Many things are to be said about Fela’s work, and I won’t try to tackle them here, but something I think gets very little attention is how beautifully orchestrated his afrobeat is. And not just in terms of instrumentation, or form, or melodic call and response. Afrobeat is full of lengthy solo’s and political rants, but what makes this sort of long-form structure is the solid foundation underneath all of this soloing — the micro-level interactions between instrumental voices.
Like a freight train, the Africa 70 rhythm section provided a meticulously put together set of poly-rhythms that drive the beat. While he rarely draws directly from traditional Yoruba oriki rhythms, his music maintains the multi-vocal quality of traditional ensembles. The aggregate result of these is a wonderful rhythmic texture, but within this is a network of micro-musical conversations that makes it so irresistible and danceable.
Because explaining this is so cumbersome I’ll show you a chart. While Fela has quite a few magnificent compositions, one that represents this the best is “Colonial Mentality”, from the Black President album. It’s in TUBS notation (click on the link for an explanation) but its really just a graphical way of representing the basic rhythmic structure of the song. First, let’s take a look at the drumset part.
Take a look at how the Hi-hat, bass drum, and snare parts fit together like puzzle pieces. The groups of three in the bass drum provide a very strong emphasis on sub-divisions 1&3 of each beat that is answered by the snare. The asymmetry of the snare gives it a gait (or clear beginning and end), but as you can see it’s really just a difference of one sub-division. The hi-hat, which serves as a “connector” between the bass and snare, also gives the drumset part a clear beginning and end. That third fast hi-hat note can also be played open.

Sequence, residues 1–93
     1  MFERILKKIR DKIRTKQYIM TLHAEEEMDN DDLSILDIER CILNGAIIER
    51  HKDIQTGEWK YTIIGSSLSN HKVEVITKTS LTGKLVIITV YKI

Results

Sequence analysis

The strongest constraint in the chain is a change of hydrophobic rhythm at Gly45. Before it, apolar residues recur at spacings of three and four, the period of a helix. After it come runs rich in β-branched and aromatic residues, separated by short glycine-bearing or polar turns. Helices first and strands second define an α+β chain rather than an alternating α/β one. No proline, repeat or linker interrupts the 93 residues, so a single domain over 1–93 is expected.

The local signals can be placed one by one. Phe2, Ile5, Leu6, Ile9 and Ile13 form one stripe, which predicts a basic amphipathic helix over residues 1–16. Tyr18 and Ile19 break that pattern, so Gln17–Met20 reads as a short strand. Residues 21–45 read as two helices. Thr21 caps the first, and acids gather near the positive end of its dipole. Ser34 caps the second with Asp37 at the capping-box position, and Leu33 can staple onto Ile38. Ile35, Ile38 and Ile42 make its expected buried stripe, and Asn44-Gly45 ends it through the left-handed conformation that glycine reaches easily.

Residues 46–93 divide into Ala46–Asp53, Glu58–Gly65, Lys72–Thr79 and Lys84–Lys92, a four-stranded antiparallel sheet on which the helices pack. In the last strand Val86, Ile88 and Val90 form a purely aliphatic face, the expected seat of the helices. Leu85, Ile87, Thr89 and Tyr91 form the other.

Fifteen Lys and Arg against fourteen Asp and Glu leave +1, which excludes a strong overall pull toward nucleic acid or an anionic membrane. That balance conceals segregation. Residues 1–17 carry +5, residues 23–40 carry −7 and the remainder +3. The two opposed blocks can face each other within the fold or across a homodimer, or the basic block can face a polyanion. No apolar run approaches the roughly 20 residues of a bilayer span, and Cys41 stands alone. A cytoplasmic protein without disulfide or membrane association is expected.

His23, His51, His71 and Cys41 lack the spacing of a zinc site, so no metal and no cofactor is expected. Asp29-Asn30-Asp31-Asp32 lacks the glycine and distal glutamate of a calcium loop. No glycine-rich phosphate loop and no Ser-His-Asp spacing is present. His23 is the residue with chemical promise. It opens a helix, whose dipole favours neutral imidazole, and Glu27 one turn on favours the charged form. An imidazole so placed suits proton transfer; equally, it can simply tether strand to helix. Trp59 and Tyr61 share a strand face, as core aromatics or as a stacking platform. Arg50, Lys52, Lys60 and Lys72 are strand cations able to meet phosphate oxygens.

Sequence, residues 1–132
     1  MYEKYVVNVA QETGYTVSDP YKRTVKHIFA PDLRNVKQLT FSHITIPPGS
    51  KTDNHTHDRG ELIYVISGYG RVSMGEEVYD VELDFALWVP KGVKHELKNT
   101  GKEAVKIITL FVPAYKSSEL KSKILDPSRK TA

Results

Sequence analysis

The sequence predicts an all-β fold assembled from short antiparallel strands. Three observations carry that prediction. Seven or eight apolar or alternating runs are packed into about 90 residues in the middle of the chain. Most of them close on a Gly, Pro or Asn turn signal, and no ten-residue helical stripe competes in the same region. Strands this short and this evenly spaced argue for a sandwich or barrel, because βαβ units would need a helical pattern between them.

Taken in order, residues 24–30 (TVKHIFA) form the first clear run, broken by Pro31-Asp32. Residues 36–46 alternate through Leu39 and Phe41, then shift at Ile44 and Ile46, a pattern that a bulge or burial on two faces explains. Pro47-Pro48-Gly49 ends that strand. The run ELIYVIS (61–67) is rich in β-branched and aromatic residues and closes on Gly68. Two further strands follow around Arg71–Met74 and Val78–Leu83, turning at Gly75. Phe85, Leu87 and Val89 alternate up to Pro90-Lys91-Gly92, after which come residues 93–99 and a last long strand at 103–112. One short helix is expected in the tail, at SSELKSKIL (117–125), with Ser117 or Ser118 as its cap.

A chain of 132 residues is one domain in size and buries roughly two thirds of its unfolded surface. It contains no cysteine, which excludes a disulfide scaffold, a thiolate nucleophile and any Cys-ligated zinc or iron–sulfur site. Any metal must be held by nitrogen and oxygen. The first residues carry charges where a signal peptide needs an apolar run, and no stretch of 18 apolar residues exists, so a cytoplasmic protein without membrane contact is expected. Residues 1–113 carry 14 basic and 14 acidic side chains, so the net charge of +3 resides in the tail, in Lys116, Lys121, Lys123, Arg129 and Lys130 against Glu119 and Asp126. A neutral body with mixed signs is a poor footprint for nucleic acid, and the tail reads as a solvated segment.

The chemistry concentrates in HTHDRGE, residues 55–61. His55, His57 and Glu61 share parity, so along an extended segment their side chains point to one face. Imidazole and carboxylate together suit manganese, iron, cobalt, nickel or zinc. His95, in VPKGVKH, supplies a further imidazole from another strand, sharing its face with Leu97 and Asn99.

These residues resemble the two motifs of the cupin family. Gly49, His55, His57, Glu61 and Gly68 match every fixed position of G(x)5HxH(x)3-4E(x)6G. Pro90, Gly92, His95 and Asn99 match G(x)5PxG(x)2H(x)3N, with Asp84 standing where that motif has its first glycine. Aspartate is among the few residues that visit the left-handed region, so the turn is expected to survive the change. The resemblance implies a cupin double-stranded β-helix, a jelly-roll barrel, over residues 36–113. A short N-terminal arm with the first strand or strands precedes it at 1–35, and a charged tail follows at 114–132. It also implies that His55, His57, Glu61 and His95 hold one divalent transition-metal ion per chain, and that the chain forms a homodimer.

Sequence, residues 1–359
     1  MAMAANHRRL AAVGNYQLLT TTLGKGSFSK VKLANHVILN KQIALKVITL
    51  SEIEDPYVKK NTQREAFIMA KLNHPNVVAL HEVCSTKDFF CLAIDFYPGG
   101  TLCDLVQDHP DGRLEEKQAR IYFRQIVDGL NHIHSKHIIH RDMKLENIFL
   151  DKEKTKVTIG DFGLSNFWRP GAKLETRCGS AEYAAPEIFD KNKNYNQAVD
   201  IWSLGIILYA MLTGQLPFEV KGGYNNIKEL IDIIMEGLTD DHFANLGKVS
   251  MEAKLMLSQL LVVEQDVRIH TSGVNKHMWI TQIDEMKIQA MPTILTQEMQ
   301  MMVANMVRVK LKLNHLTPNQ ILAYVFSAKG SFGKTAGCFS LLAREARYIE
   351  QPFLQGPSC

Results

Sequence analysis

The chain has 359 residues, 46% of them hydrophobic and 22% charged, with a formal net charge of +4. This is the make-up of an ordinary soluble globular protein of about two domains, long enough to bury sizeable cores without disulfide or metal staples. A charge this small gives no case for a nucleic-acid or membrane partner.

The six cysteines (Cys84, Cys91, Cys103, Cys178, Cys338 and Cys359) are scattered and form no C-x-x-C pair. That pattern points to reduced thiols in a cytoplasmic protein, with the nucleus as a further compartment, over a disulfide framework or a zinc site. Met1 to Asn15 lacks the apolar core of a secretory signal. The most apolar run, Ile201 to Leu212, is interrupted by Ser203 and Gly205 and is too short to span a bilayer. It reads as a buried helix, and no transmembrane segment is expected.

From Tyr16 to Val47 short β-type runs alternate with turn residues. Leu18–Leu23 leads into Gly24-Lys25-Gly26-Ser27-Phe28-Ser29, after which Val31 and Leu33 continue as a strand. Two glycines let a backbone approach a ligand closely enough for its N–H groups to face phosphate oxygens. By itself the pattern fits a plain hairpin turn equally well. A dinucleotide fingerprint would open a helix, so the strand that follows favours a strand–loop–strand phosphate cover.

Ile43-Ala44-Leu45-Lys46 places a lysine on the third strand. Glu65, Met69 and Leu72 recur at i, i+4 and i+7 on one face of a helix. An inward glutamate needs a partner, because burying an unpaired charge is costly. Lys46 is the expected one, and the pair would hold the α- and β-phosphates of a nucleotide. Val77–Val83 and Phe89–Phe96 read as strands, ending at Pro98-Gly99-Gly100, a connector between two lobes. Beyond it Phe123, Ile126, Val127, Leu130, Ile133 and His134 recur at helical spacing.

The percussion heavily reinforces the first sub-division, but what really gives it the “lope” is the space right before the downbeat. On sub-divisions 8 and 16, nothing is played. Not only does this leave room for other instruments to accent here, but it places the quietest beat directly before the heavily emphasized downbeat.
Soft –> Strong Soft –> Strong Soft –> Strong Soft –> Strong
This extreme level of contrast within on sub-division creates a horse like gallop; and a groovy ass beat. But look what happens with the guitar parts:
This one is a bit more confusing, but it’s really not very complicated. True to his Yoruba roots Fela composed the guitar and base parts as tri-tone melodies, mimicking the three tones prevalent in the Yoruba language and by extension Yoruba drumming styles.
You can see from this arrangement are the ways the guitar rhythms interact with the percussion and drum parts, much like support drums would interact with a lead drum. If you look at Guitar 1, it reinforces the bass-drum groups of three on beats 1 & 3. This line is answered by the bass-guitar part on beats 2 & 4, which in turn reinforces the snare part. More importantly, the A-flats in the bass part occupy that formerly empty space in the drumset, highlighting its downward cadence to the root note on the downbeat. This jump from A-flat –> C on the fourth and first sub-divisions further reinforces the galloping rhythm.
If this explanation sounded confusing, the major idea here is that the different voices in the drumset and rhythm guitar form a composite rhythm that emphasizes the last and first subdivision of each beat through dynamic contrast and the way in which the bass phrase connects naturally draws the groove towards those beats.
Unlike nearly every other afrobeat in which the claves and congas reinforce the third and fourth sub-divisions, the implied cadence in this song lands on the downbeat. This creates a loping quality that makes you want to strongly emphasize the downbeats when dancing or even soloing. Perhaps this is why this song stands out among his repertoire. While the parts might sound very similar to other songs, the way in which they fit together creates a very different texture and feel to the song. It feels urgent but relaxed; bitter but playful. The ways in which this rhythmic texture complements the lyrics makes it a truly powerful song.
In my next post I’ll bring in the horn lines to show how this sort of call and response between parts is present in the longer melodic lines.